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Understanding prevent policing through dispositif and reflexive risk

Dresser, Paul (2015) Understanding prevent policing through dispositif and reflexive risk. Doctoral thesis (PhD), Manchester Metropolitan University.

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Abstract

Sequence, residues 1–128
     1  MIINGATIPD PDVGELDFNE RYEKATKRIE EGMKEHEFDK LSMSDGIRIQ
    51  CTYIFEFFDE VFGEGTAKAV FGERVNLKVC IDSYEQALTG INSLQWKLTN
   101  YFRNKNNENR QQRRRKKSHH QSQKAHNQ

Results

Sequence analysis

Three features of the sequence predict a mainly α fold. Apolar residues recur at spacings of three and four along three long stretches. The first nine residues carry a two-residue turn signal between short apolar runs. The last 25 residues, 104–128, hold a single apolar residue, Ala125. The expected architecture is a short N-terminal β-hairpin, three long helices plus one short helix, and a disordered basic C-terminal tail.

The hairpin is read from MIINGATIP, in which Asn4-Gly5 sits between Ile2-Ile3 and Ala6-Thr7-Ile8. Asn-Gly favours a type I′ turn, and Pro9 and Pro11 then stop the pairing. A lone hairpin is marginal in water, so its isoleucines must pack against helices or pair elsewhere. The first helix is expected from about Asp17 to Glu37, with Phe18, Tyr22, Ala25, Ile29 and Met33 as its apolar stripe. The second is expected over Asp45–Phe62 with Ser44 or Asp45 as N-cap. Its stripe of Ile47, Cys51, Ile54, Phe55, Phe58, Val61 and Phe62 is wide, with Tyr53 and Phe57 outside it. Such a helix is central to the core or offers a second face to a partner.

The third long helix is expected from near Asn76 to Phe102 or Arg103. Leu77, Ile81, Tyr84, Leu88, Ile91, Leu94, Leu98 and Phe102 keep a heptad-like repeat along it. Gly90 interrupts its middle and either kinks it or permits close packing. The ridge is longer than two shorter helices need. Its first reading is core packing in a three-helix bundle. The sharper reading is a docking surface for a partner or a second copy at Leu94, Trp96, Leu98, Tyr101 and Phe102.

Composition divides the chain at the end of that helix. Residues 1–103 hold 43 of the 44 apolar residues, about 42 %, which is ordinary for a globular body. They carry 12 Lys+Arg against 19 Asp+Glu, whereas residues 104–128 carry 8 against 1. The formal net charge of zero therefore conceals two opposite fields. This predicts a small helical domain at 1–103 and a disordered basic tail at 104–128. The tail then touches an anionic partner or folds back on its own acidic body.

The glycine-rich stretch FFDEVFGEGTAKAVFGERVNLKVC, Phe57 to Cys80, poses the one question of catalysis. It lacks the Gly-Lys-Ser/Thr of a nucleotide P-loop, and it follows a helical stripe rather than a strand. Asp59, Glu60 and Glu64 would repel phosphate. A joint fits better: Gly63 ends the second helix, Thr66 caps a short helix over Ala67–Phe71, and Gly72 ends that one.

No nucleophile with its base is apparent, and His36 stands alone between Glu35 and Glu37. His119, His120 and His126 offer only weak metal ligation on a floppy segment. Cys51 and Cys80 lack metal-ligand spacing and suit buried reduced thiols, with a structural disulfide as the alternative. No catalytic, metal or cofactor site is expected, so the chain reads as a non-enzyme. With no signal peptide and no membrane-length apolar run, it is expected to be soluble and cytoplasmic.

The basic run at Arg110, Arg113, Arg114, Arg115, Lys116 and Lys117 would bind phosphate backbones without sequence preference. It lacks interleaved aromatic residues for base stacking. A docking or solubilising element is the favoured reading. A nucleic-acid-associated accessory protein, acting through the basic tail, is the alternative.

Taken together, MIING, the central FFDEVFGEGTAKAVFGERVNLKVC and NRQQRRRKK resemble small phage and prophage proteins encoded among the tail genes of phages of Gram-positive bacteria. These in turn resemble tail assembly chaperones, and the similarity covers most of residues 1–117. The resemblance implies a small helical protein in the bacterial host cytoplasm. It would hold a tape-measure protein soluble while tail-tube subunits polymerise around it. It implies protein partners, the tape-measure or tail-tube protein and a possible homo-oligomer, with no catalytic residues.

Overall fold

In June 2011, PREVENT, as part of the UK’s counter-terrorism strategy CONTEST, was reformatted around the notion of ‘risk’. Despite this, there is a paucity of empirical enquiry which has examined the relationship between PREVENT and risk. The objective of this thesis is to analyse PREVENT policing, in terms of how risk is understood, as well as how PREVENT police operations are delivered, perceived and experienced by those tasked with counter-terrorism. This thesis is a single-embedded case study in a geographical area defined by government funding structure as ‘low risk’. Through conducting qualitative interviews with PREVENT police officers and individuals drawn from security disciplines and interconnecting institutions, three key themes were identified. First, risk was understood to be interrelated with the concept of trust. Specifically, there was an emphasis on increasing trust with both internal and external partners given that PREVENT is now deployed through a multi-agency approach. Second, PREVENT was conceptualised as “safeguarding” rather than counter-terrorism, counter-radicalisation and/or de-radicalisation. Third, risk was linked to the notion of “gut feeling” at the referral (identification) stage of counter-radicalisation in the absence of radicalisation knowledge. As well as the fieldwork data which are empirically driven, a second objective of this thesis is to use a theoretical framework of Foucault’s concept of ‘dispositif’, emanating from analyses of governmentality, as well as ‘reflexive’ risk, in line with the works of Ulrich Beck and Anthony Giddens’ ‘risk society’, as measured against the interview data. Drawing attention to the effects of both risk positions at local level, this thesis argues that PREVENT policing cannot be reduced to a single factor risk perspective. Moreover, this thesis provides a more nuanced account of counter-terrorism through risk by illuminating the messiness, complexity and empirical reality of PREVENT policing on the ground.

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